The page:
One of the most common aspects that IT students struggle with initially is how detail oriented one has to be. If you write a program and one of the variable names is off by one letter, your program will not work. If you write an SQL query and you leave out a single quote at the end of a string, your query won’t work. If you enter an IP address and it is off by one number, the computer can’t be reached.
The reason we have to be so precise is that computers are not (yet) capable of inferring your intentions in most situations (there are some tools for specific cases such as autocomplete and code completion) and it has to be exactly told what to do. Naturally, this can be frustrating but I also believe it can turn into a very valuable skill. Here are some of the benefits of paying attention to detail:
- You need to pay attention to detail to be successful in IT. I gave some example in the previous paragraph but there are many more, of course.
- It musters discipline. Paying attention to detail essentially comes down to being disciplined in several ways. See the paragraph below for some tips on how to get better.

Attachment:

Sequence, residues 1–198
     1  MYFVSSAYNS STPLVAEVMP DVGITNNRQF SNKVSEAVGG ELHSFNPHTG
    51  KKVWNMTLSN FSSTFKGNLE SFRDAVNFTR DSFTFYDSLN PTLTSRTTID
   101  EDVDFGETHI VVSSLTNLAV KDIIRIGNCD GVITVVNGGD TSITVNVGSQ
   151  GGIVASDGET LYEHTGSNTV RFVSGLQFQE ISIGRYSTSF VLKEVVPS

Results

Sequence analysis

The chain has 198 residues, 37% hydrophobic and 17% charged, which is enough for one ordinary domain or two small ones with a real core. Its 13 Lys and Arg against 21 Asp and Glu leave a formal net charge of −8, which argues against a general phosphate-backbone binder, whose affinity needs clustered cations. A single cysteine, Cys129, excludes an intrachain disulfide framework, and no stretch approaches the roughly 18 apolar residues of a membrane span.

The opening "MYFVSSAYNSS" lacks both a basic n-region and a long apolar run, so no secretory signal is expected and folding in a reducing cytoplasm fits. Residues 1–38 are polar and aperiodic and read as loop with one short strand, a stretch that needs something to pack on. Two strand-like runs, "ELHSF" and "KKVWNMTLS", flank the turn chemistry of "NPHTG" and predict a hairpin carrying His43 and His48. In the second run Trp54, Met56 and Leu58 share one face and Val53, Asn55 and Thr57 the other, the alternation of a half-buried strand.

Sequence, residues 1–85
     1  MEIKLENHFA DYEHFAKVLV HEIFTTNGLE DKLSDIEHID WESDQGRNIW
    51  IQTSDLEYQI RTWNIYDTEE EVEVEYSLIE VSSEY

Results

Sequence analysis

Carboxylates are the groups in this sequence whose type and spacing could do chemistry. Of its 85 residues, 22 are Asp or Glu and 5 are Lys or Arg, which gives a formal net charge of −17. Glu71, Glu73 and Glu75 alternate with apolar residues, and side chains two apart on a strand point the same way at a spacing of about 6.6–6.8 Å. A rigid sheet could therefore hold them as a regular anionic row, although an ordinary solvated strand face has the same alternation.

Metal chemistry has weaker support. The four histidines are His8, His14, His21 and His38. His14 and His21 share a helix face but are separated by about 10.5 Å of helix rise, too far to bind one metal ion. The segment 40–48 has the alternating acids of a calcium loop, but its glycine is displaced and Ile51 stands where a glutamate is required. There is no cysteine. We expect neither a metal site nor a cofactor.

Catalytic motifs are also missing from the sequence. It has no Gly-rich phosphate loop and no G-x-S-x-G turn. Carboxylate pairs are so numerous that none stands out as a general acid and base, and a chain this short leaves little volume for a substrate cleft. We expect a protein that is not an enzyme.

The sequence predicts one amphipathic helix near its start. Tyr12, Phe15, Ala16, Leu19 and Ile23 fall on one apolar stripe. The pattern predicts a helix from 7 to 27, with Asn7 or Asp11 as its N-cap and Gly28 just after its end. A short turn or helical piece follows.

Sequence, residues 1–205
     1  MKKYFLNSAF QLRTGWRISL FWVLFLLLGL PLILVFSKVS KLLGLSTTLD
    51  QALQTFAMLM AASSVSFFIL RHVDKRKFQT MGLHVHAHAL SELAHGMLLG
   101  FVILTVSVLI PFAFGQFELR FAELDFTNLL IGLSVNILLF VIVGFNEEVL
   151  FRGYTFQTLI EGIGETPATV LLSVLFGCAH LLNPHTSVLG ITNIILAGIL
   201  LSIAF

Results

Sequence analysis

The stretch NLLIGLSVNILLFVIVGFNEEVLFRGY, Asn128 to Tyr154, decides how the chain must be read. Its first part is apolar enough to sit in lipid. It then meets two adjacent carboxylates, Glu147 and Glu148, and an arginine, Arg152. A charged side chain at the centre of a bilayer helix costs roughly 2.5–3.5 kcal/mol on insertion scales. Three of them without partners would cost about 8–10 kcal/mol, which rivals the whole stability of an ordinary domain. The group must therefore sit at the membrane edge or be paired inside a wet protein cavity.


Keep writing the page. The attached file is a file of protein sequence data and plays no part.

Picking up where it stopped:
- You will come across as more professional. Your emails will look better because there are fewer mistakes. You won’t forget to send thank you notes after interviews. Your software won’t crash in production because you envisioned all possible scenarios that could go wrong. These are just a few examples.
- Many important things in life require precision. There are many examples but, for example, you better make sure that you understand all the details in any contract that you sign (e.g., a mortgage).
What can I do to become more detail oriented?
The most important thing is to review your work. This means that before running your programming you read through the code again and check for mistakes. Or before submitting an assignment you proofread it. Or before sending an email that you check for spelling and grammar errors. In addition to reviewing your work, it is also important to work without distractions (e.g., see here). Another way to avoid mistakes is to start early and avoid rushing assignments and stress (e.g., see here).